Georgetown has learned from last year's debacle; more notes (cont.)
I'm guessing efficiency maven Ken Pomeroy is less surprised than the rest of us that Georgetown ran roughshod over Villanova. According to Ken Pom's site, the Wildcats are ranked 63rd in the nation in defensive efficiency. They really got exposed at that end of the floor as Georgetown shot 52.6 percent.
A lot of people assume that Kentucky is running a lot of dribble-drive motion this season, but John Calipari told me last week that the Cats only run that offense about 30 percent of the time. The reason? "Because DeMarcus [Cousins] is too good." Calipari also told me that Cousins "has come as far and as fast as any player I've coached."
When it's February and you're a bubble team and you have a good team on your home floor, you have to win the game. Dayton (which beat Xavier), Richmond (Temple), Illinois (Michigan State), UNLV (BYU) and Oklahoma (Texas) did that last weekend. Memphis (which lost to Gonzaga) did not.
Speaking of Memphis, sophomore swingman Wesley Witherspoon may have taken an important psychological step forward last week when he scored 29 and 26 points, respectively, against UAB and Gonzaga. If Witherspoon can maintain that dominating mentality, the Tigers could very well win that Conference USA tournament, which is being played this year in Tulsa.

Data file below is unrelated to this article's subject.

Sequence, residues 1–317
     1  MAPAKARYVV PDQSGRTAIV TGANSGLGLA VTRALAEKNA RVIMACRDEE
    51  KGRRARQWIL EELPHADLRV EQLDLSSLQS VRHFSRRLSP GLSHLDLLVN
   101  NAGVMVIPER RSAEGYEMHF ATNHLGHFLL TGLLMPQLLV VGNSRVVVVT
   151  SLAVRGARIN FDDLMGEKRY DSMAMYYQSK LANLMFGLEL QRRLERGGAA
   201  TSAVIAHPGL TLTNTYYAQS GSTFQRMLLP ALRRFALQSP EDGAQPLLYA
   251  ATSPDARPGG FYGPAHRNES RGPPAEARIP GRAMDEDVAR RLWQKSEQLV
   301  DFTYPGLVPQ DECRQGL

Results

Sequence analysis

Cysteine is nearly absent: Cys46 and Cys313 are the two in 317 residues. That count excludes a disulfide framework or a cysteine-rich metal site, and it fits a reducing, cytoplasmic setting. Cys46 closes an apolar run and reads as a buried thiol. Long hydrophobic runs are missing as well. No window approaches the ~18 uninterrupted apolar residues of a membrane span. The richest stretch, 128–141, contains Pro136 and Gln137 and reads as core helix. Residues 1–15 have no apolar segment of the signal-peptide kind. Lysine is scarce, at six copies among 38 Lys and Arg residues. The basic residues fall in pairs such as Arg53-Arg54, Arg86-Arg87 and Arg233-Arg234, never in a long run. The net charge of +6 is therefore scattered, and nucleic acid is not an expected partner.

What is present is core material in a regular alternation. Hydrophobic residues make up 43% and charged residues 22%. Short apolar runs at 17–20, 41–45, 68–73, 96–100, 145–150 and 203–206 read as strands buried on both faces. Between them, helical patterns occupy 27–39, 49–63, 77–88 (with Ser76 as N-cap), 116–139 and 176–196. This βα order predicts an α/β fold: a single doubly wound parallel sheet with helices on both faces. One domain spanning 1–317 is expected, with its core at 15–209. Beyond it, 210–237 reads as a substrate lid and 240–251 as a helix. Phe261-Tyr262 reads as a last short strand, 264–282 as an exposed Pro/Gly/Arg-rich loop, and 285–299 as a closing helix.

Incidentally, I don't mean to detract from what Richmond pulled off, but it's worth noting that Temple played that game without second-leading scorer Juan Fernandez, who sat out because of lingering effects from a shot he took to his head during Temple's win over Fordham on Jan. 23.
I'm hoping against hope that Ernie Kent holds on at Oregon, but if he doesn't, I'm hearing that Mark Turgeon's name will be in the mix.
I agree with Luke Winn that the addition of Turkish native Deniz Kilicli will help West Virginia, but I still think the Mountaineers would be better off if he were a point guard instead of a 6-9 power forward.